Mt. Nabewari 鍋割山

Futamata 二俣 – Nabewari Sanso 鍋割山荘- Kinhiyashi 金冷シ

  Duration: 7 hours
  Distance: 17.1 km
  Elevation change: 1096 metres
  Highest point: 1386 metres
  Difficulty:
  Start: Okura Bus Stop
  Finish: Okura Bus Stop
  Map: Yama to Kogen Chizu 山と高原地図 [No.29 丹沢 TANZAWA]
  Print: PDF Topo map A3 size (scalable to A4)
  Download: GPX Track (.gpx) Including POIs (Points of Interest) Google Earth (.kml)

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Water Carting, Nabeyaki udon, and Fuji-san

Along with Mt. Oyama and Tounodake, Mt. Nabewari is a popular hiking destination in the Tanzawa Mountains. It is approachable from the east, west and three trails heading up from the south though best tackled via the Nishiyama Forestry Road. The mountain is famed for its Nabeyaki udon served from donabe “earthenware pots”. Rather than a out and back piston this hike loops around finishing its descent via the Okura Ridge.

From Shinjuku Station, take an express train bound for Odawara on the Odakyu Odawara Line, and get off at Shibusawa Station 渋沢駅 (75 mins, 690 yen). From the ticket gate turn right out the north exit and head to Bus Stand 2 bound for Okura 大倉 (15 mins, 210 yen). At Okura mosey across the road looking for a sign for Nabewariyama 鍋割山 and Futamata 二俣, the road to the right leads to Mt. Tounodake. The route winds around some local roads before passing through a deer gate. From here on you will be following the Nishiyama Forestry Road 西山林道 shadowing the Shijuhasse River. Along the way look out for the bronze bust of Hiroshi Ozeki a local mountaineering identity and was involved with various national mountaineering associations.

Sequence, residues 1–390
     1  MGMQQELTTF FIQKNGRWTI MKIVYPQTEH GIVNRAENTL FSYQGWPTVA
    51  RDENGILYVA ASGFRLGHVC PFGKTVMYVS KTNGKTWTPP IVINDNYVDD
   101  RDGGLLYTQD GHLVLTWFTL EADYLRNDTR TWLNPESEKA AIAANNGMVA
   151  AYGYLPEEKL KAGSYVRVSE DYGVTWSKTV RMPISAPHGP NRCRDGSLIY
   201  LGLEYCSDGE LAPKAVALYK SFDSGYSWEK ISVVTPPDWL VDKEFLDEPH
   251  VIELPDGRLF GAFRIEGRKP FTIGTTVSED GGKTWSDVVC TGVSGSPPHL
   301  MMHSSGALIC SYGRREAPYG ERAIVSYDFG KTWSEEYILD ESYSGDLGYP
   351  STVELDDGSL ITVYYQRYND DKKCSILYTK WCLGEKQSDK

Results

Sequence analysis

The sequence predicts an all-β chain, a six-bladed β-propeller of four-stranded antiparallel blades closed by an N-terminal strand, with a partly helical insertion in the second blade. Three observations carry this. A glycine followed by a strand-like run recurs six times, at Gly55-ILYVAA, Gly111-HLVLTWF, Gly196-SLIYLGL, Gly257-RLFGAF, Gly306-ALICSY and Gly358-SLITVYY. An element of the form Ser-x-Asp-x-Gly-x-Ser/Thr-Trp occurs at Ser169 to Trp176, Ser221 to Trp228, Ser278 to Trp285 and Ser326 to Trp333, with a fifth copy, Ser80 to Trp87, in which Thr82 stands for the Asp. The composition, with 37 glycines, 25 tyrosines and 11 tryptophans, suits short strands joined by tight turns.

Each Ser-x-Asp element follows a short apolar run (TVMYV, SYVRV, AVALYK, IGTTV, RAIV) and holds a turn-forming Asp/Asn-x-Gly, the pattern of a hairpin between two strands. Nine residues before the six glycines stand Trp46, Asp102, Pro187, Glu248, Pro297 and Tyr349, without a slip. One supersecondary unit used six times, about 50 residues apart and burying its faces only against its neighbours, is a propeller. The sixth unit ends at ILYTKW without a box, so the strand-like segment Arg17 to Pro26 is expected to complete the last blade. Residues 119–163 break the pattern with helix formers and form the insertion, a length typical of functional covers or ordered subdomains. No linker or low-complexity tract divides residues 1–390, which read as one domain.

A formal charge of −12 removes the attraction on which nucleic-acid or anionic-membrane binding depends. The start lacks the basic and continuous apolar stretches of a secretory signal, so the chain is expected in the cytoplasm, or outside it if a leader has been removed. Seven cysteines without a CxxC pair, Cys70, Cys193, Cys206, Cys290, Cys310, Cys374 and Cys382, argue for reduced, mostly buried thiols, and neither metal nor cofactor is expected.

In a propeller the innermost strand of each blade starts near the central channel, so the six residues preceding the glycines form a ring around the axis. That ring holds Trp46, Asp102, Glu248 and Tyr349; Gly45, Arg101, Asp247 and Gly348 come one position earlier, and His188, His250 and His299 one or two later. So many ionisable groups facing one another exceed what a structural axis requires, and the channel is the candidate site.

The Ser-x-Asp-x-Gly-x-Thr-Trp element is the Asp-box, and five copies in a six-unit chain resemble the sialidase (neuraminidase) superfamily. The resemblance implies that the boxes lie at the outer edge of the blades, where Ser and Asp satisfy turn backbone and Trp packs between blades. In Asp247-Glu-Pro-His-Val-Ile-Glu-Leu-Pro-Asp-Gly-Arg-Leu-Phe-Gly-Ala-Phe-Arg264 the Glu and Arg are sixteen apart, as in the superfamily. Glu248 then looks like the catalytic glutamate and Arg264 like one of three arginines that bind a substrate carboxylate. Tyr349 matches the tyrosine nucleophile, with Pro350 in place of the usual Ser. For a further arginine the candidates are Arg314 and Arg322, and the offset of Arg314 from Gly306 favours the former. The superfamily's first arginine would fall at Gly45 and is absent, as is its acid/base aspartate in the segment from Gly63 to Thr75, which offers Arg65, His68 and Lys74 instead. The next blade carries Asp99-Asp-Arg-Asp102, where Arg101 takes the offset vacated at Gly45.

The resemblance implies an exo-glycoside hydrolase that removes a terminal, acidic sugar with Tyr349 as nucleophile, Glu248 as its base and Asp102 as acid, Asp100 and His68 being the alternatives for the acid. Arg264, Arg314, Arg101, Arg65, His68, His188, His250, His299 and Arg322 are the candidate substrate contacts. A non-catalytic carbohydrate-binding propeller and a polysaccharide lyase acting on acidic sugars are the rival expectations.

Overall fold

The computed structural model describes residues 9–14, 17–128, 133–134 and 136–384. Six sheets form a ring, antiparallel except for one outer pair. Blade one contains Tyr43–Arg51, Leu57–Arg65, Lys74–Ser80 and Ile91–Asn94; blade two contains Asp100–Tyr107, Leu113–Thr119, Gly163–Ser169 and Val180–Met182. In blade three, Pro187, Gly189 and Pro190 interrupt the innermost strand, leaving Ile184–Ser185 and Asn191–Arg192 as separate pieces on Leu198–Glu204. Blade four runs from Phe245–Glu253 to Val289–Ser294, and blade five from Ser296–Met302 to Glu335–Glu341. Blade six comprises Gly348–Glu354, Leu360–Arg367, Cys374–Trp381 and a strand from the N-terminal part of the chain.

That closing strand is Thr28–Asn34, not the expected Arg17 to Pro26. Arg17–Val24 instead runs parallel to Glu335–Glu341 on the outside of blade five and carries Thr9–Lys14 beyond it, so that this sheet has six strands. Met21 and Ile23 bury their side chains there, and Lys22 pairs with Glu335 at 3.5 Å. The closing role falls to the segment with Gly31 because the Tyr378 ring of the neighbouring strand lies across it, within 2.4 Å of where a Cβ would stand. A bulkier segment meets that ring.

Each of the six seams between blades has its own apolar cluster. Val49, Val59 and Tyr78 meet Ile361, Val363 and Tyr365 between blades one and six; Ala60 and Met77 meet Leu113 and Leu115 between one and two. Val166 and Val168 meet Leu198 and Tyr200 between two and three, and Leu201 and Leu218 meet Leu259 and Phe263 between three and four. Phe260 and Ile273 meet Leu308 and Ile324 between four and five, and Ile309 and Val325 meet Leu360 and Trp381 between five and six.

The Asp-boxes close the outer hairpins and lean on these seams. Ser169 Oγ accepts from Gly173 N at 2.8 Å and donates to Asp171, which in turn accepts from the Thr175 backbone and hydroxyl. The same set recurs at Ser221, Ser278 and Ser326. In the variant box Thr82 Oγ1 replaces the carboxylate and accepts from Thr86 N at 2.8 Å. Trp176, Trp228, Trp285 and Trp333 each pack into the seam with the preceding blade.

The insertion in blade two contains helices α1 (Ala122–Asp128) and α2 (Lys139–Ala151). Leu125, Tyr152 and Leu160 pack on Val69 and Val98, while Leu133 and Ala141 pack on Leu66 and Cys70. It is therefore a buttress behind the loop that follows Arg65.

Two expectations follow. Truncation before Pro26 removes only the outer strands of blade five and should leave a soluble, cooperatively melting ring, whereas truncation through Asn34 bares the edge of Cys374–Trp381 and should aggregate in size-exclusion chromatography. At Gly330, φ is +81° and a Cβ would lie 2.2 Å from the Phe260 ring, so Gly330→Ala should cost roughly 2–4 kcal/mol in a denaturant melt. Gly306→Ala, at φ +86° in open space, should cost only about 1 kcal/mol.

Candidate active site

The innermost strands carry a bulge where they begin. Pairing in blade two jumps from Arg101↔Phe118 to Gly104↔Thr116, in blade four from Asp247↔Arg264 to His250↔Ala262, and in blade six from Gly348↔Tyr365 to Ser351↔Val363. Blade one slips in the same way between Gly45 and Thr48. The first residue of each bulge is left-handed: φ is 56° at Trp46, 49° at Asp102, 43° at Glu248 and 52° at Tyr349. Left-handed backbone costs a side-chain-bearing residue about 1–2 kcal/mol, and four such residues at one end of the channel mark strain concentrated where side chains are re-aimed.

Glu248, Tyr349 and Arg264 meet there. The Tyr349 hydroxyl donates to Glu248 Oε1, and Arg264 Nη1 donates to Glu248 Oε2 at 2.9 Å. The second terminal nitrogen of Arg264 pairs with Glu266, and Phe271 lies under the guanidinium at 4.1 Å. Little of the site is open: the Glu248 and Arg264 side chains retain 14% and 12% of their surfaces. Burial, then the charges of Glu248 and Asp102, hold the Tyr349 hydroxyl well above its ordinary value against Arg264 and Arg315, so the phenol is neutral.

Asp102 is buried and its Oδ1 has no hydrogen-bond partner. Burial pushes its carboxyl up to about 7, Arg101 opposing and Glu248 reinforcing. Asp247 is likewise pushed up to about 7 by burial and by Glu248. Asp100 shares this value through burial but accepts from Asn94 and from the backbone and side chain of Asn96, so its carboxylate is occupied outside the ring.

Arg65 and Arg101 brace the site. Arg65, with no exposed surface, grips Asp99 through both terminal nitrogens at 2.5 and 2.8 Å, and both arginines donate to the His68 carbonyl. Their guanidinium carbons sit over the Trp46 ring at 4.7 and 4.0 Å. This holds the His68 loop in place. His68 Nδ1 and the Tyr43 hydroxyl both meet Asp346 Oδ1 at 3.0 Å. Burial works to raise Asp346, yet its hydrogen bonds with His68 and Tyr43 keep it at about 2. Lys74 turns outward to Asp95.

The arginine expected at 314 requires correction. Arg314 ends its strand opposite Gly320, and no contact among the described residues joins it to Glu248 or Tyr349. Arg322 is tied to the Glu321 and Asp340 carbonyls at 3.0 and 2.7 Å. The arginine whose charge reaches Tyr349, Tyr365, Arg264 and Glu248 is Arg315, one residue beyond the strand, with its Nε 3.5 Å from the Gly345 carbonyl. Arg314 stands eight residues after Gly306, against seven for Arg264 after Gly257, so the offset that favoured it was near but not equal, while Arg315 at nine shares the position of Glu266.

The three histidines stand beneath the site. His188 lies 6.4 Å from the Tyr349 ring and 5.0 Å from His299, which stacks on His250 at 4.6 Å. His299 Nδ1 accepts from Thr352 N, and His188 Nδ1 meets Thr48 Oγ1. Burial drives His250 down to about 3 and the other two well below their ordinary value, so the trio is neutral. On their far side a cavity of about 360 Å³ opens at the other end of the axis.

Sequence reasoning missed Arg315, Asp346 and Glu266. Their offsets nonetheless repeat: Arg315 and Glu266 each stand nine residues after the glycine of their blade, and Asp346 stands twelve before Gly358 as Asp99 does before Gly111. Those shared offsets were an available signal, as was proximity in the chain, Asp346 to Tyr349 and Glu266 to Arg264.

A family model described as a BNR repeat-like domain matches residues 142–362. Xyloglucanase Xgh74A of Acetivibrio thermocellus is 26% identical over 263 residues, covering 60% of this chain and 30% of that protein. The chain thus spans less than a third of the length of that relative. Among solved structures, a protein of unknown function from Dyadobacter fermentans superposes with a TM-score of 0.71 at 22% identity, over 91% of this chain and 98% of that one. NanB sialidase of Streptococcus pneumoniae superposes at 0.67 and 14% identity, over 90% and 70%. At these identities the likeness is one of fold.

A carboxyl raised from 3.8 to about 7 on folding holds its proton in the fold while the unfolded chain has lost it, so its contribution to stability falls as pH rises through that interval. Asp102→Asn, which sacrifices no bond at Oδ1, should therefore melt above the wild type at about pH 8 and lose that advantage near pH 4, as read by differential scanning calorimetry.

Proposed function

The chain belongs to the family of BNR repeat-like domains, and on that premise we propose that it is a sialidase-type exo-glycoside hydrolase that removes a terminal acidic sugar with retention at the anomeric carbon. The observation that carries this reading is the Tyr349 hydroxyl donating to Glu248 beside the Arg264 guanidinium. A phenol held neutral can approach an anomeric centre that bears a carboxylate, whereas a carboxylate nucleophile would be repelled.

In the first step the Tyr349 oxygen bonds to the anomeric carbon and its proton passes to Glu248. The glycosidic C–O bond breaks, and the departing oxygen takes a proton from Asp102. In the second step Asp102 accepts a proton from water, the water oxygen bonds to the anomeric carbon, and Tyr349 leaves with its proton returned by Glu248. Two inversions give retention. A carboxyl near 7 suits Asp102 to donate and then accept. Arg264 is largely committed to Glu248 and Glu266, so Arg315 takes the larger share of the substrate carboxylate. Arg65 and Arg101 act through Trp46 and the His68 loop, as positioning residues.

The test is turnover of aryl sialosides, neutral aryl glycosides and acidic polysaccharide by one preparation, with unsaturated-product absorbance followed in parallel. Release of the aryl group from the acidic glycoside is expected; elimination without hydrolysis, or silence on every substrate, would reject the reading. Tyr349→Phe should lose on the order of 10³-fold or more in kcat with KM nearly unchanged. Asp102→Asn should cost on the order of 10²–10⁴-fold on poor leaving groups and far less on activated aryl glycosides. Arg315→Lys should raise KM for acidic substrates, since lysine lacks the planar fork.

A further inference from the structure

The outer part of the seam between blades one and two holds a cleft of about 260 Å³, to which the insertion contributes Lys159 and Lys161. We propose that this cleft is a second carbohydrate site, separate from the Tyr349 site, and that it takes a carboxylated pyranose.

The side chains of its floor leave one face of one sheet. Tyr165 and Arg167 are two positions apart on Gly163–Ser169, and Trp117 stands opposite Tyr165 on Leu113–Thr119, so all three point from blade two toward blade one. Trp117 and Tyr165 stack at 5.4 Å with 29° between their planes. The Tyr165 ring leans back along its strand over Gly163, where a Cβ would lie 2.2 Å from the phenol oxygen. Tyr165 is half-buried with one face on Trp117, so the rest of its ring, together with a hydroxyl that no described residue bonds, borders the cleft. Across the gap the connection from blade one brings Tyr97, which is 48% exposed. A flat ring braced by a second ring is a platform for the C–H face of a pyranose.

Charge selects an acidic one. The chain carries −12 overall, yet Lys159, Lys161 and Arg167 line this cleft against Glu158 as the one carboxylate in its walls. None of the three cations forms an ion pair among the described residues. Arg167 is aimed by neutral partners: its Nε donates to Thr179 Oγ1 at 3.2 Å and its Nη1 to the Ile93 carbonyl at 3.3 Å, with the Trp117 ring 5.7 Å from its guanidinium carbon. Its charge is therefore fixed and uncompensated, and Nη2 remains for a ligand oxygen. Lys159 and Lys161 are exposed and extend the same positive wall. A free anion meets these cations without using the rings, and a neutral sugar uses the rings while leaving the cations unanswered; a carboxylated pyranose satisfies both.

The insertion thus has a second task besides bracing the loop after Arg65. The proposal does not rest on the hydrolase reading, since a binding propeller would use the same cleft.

It’s worth mentioning the area is a haven for land leeches yama-hiru so pack some salt from May to October. Around 5 km hiking from Okura and several short river crossings you’ll arrive at Futamata. All-out climbing begins here at the trailhead proper. If you’re up to the task, feel free to pack and carry a 2 litre PET bottle for a little over an hour it takes to reach Nabewari Sansou 鍋割山荘 (1,272 m). It’s a massive help to Kusano san the mountain hut owner who has been running the place for an astounding 45 years. According to his blog he triumphantly states that he has carried loads exceeding 100 kg to the hut on more than a few occasions. Unfortunately doing so doesn’t discount the 1,500-yen Nabeyaki udon. Speaking of which make sure you arrive as early as possible especially on weekends if you want to partake in this time-honoured dish offered on a first-come, first-served basis.

Given the freezing wind, light snow, and lack of Fuji-san views I instead opted brief rest stop comprising a sandwich and a protein bar. Less glamorous I know but was keen to get back on the trail. Apart from steep climbs up to Komaru 小丸 and Daimaru 大丸 (1,386 m) the gentle undulating ridgeline connecting Nabewari Sansou and Kinhiyashi 金冷シ delivers some of the best scenery on the hike as it passes through tracks of undisturbed beech forest. If the weather cooperates or you have a burning desire to bag Tounodake 塔ノ岳 (1,491 m) turn left for the 40-minute round trip otherwise veer right to start the long 1,000 metre descent to the Okura Bus Stop.